Case 1

A 34-year-old woman was diagnosed with systemic lupus erythematosus and treated with glucocorticoids over a period of two years. Following improvement in clinical and laboratorial tests, she was discharged. Four months later, the patient presented intense abdominal pain, high fever and renal failure. She was submitted to continuous peritoneal dialysis and developed a suggestive fungal peritonitis.

Direct examination of fresh abdominal fluid (peritoneal effluent) revealed broad septate dichotomously branched hyphae. Cultures on routine media such as Sabouraud dextrose agar with 50 mg chloranphenicol/L were incubated at room temperature and at 37°C, exhibiting after 48h growth suggestive of Aspergillus. Macroscopically the culture produced a flat, white colony that quickly became gray-green with the conidia production. The texture varied from strictly velvety to deep felt, floccose. The reverse was colorless. Conidia mass of the conidial heads were columnar and compact. They ranged in size from 200 to 400 µ by 50 µ. Microscopically, conidiophores were short, smooth, and up to 300 µ in length and 5 to 8 µ in diameter (Fig. 1). Identification of A. fumigatus was performed according to the criteria developed by Hoog et al. (14) and Rapper and Fennel (23).

As soon as the diagnosis of fungal peritonitis was confirmed, amphotericin B (1 mg/kg/day) was given intravenously in increasing doses up to a total dose of 1.13g. The peritoneal catheter was removed and the patient was successfully treated.

Aspergillus peritonitis had occurred as a complication of chronic ambulatory peritoneal dialysis (17,20,28) and the removal of the dialysis catheter was essential for eradicating the infection (10). According to the literature, antifungal therapy involving both intraperitoneal and systemic amphotericin B, as well as itraconazole should be used (12,26,28).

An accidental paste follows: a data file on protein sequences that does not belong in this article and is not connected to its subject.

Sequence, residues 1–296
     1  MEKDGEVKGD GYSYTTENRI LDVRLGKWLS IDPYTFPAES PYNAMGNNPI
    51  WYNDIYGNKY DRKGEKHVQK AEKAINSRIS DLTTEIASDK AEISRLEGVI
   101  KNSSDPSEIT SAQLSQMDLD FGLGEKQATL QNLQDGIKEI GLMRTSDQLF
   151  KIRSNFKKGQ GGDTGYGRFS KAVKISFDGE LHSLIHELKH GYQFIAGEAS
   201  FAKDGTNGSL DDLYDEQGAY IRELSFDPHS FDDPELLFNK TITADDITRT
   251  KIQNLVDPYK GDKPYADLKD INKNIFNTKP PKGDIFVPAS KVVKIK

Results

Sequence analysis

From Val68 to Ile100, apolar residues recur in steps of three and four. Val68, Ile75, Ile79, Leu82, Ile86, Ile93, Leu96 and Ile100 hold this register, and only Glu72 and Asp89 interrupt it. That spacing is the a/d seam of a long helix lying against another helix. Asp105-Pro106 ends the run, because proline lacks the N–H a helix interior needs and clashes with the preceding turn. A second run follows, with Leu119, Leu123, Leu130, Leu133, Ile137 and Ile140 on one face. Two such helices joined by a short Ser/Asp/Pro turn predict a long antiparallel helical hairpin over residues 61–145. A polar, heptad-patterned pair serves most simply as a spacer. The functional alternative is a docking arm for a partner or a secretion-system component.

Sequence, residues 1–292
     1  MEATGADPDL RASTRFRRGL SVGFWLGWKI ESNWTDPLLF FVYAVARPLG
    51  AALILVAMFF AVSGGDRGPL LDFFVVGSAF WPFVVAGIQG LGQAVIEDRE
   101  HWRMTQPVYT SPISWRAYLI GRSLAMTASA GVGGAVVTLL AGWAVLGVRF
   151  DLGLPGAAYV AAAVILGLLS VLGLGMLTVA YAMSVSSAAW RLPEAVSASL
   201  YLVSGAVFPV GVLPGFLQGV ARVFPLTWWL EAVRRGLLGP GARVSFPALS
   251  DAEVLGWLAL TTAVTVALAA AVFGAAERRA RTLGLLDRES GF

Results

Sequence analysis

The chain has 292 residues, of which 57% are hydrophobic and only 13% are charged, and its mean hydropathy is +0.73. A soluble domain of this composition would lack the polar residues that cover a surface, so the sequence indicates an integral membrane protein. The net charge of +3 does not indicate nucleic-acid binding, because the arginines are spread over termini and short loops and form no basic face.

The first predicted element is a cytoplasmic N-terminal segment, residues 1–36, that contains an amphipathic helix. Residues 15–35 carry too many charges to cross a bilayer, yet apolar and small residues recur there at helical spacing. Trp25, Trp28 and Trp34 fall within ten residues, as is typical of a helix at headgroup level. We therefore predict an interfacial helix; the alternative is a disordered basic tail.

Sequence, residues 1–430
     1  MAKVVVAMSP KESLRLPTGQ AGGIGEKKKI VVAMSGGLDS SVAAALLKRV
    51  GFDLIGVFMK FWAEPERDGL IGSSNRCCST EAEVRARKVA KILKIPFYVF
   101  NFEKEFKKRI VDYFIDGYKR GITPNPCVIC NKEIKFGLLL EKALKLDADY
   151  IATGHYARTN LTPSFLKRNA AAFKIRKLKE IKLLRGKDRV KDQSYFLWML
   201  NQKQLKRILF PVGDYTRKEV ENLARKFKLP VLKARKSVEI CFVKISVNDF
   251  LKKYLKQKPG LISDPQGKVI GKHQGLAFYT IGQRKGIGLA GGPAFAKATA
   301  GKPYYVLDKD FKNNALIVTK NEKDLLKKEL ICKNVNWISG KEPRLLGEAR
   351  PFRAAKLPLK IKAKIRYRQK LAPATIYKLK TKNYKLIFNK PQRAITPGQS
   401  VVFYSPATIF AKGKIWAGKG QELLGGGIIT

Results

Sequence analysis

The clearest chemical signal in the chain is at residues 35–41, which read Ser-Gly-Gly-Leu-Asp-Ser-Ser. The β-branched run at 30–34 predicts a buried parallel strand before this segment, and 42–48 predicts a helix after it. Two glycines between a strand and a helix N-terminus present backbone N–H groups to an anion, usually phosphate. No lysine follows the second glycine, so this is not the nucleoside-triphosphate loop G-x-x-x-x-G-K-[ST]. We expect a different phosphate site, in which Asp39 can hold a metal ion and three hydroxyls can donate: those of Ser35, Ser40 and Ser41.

Case 2

A 45-year-old hypertensive male with a prior history of cardiac insufficiency was admitted with symptoms of acute onset of pain in both legs of two weeks duration and with pain in the right leg increasing gradually for the past one week. Investigations revealed normal scores of hemoglobin, 11.5 g%; urea, 25 mg dl-1; creatinine, 0.7 mg dl-1 and glucose, 95 mg dl-1. An aortogram undergone on the first day after admission revealed total occlusion of right common iliac artery and left common femoral arteries, following which he underwent a bilateral femoral embolectomy on the second post admission day.

The clot from the femoral artery was sent to the microbiology laboratory for culture, which grew A. fumigatus on solid media after 48h of incubation (14,23). On the first postoperative day (POD) he was started on amphotericin B at 0.25 mg kg-1 day-1 gradually increasing to 1 mg kg-1 body weight as an intravenous infusion. However, this had to be withheld from the second POD due to elevated renal parameters and nephrotoxicity.

A transesophageal echocardiography revealed fungal growth on the aortic valve which was mildly thickened. An embolectomy specimen and portions of the native aortic valve were also sent to the Medical Mycology Laboratory (Federal University of Pernambuco) for direct examination and culture. A 20% KOH preparation revealed broad septate dichotomously branched hyphae. Small portions of the specimens were inoculated on routine media such as Sabouraud dextrose agar with 50mg chloranphenicol/L. Cultures were incubated at room temperature and at 37°C. After 48h of incubation the specimens cultured exhibited fungal growth typical of Aspergillus spp. Identification through macroscopic and microscopic characteristics was conducted according to Hoog et al. (14) and Rapper and Fennel (23).

The patient suddenly developed ventricular tachycardia and ventricular fibrillation and had a sudden cardiac arrest and was immediately intubated and put on ventilatory support. The patient rapidly went to fatal outcome, showing signs of fungal sepsis, including massive increase in leukocyte count, acute phase parameters and abnormal liver function tests.

COMMENTS AND DISCUSSION

Case 1